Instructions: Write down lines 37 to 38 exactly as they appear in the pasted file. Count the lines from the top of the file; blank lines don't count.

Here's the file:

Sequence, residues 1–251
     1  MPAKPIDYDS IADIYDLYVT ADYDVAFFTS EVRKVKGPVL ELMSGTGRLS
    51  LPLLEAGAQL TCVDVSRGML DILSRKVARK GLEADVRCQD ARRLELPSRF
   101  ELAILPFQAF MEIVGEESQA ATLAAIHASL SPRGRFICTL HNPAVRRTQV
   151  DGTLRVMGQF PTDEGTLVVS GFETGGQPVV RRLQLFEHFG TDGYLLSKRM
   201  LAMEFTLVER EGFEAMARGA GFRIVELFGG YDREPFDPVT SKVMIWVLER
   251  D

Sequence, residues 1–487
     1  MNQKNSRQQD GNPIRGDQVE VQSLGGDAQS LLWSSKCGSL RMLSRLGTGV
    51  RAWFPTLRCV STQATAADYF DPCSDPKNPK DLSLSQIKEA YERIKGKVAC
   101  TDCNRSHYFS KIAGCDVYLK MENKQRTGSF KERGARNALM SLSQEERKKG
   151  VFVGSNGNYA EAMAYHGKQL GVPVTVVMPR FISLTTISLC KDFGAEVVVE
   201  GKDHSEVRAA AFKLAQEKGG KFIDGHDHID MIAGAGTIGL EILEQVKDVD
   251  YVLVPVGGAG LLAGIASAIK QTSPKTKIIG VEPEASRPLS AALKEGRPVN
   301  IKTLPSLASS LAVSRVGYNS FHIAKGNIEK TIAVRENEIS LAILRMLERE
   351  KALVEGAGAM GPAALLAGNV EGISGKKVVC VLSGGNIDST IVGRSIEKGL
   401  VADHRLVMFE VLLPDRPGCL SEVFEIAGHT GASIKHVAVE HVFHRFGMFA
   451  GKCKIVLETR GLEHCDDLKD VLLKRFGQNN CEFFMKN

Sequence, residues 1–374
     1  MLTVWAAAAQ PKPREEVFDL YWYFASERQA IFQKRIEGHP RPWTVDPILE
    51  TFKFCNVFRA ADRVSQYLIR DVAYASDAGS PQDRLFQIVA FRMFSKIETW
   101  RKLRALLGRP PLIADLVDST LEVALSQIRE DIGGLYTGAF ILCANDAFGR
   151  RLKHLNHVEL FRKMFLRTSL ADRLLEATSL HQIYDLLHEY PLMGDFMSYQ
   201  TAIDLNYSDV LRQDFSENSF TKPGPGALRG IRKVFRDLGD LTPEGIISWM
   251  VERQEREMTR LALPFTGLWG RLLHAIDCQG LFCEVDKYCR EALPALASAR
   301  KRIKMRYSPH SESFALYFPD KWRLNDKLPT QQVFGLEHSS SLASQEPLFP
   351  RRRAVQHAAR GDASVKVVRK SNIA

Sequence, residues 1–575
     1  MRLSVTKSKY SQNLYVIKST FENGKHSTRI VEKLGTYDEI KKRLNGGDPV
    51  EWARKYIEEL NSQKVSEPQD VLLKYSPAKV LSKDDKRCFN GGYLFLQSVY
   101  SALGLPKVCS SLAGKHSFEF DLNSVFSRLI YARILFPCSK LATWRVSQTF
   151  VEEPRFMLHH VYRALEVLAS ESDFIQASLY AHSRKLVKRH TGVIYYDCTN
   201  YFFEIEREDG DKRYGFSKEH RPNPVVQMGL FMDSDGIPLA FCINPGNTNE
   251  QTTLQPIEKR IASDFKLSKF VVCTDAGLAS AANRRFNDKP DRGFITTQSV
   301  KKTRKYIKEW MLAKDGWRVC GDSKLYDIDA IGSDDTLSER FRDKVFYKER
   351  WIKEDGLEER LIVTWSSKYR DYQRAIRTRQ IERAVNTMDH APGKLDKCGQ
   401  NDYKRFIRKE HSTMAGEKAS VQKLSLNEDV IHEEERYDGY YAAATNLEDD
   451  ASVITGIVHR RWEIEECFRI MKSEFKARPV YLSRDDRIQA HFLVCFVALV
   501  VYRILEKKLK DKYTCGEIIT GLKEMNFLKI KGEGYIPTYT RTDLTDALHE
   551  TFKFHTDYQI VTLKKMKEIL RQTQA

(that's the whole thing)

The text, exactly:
   401  NDYKRFIRKE HSTMAGEKAS VQKLSLNEDV IHEEERYDGY YAAATNLEDD
   451  ASVITGIVHR RWEIEECFRI MKSEFKARPV YLSRDDRIQA HFLVCFVALV